Comment on Sara Maitland’s response to Anne Wareham’s article “The love that dare not speak its name”
I accept Sara Maitland’s criticisms of my previous comments. Perhaps I was allowing my insecurities to show but I had just read the ‘Discussion’ section of the Symposium and my reactions were in reply to that. This is what I read:
“The dearth of gardens past and present with ambition to develop a provocative agenda. The sad fact that most people who commission a garden designer want comfy beauty, not a thoughtful garden, and that it is up to designers to wean clients towards a more ambitious agenda. The assumption that because gardens are widely seen as merely soothing and comfy, the making of them must also be a soothing process, whereas a garden can also be as troublingly, intellectually provocative to the maker as it is to his/her subsequent audience.”
I read that, looked around my modest plot and felt inadequate, probably rightly. As a designer I may do my best to encourage ambition (honest) but if the person who is paying the piper wishes to call the tune then I remember that I have bills to pay. I might sneak in a thoughtful reference or bit of planting if possible but this can demand skills in more than just design terms. I have great sympathy with the thinkinGardens ideas.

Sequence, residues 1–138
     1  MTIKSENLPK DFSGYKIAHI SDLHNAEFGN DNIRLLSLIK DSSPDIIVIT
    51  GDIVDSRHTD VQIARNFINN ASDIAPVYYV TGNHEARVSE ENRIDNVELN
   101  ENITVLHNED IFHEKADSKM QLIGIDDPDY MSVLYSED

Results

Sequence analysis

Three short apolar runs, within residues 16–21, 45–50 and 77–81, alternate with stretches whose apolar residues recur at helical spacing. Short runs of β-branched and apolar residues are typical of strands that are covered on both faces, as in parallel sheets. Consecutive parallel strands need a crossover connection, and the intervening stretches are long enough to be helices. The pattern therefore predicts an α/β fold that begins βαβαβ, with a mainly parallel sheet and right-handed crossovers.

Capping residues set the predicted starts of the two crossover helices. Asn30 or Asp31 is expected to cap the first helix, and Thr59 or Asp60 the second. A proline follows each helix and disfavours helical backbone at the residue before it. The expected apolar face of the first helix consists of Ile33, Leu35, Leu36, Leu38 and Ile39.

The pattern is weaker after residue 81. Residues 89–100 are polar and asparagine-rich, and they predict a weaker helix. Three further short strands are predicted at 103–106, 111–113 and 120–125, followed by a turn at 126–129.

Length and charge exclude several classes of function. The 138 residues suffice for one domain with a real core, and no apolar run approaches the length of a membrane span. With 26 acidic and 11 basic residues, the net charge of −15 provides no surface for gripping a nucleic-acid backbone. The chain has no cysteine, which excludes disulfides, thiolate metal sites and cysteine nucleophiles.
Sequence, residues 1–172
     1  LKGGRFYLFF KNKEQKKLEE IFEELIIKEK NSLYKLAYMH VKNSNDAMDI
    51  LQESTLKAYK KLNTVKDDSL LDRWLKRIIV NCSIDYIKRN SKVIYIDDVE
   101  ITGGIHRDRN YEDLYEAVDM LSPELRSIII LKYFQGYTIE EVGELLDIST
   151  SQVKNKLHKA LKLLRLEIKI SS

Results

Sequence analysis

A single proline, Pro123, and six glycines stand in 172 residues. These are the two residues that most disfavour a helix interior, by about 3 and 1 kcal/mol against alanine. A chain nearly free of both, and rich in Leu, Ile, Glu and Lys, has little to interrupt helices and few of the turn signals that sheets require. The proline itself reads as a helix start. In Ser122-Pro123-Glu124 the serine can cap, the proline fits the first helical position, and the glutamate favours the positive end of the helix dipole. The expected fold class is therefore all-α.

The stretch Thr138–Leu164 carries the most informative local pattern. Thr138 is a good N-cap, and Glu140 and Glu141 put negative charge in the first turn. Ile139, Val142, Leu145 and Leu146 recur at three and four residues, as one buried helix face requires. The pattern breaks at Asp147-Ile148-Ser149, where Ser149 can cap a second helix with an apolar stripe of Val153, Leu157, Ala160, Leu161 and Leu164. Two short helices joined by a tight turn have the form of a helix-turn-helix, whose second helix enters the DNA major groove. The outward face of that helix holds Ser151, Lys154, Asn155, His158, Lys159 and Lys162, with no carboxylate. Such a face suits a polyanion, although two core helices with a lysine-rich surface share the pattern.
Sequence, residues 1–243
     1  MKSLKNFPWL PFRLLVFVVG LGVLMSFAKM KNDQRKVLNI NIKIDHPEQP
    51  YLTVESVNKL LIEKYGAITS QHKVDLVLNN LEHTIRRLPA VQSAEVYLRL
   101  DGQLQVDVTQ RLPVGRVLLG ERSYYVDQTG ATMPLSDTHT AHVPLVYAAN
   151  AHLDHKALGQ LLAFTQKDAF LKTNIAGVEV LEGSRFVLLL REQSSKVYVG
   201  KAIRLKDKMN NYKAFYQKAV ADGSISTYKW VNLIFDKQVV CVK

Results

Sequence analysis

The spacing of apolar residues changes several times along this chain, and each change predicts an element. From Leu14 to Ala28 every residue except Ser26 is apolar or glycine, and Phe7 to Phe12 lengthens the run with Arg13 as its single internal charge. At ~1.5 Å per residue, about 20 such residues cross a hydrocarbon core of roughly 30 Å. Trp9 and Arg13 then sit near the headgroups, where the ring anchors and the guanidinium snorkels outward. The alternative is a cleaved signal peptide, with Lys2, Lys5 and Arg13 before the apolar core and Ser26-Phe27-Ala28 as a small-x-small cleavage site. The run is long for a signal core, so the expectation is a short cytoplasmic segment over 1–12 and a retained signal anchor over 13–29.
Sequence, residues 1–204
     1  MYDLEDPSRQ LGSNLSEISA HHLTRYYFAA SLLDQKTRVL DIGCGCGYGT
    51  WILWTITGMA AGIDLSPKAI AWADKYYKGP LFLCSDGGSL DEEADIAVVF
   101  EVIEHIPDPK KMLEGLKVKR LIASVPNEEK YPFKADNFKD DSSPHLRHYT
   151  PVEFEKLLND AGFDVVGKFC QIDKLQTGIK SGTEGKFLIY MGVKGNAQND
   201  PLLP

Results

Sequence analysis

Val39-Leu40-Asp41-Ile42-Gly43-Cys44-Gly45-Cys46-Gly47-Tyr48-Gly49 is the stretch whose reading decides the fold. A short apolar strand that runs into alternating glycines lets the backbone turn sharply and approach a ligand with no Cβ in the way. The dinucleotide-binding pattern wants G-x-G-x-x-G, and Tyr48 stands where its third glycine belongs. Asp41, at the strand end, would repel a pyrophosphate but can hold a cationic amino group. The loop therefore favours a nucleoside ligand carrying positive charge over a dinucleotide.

Most of the letters and ideas are positive and stimulating but I do think it can sometimes be off putting in its militancy. If people such as myself feel undermined by such lofty ideals (on a bad day) then perhaps it could be counterproductive. Of course it could be that I simply am inadequate and should forget about art and revert to planting alternate lumps of Alyssum and Lobelia rows in six inch wide borders with a cross and defiant expression on my face. Or would that be post-modern of me? A Jeff Koons sort of garden!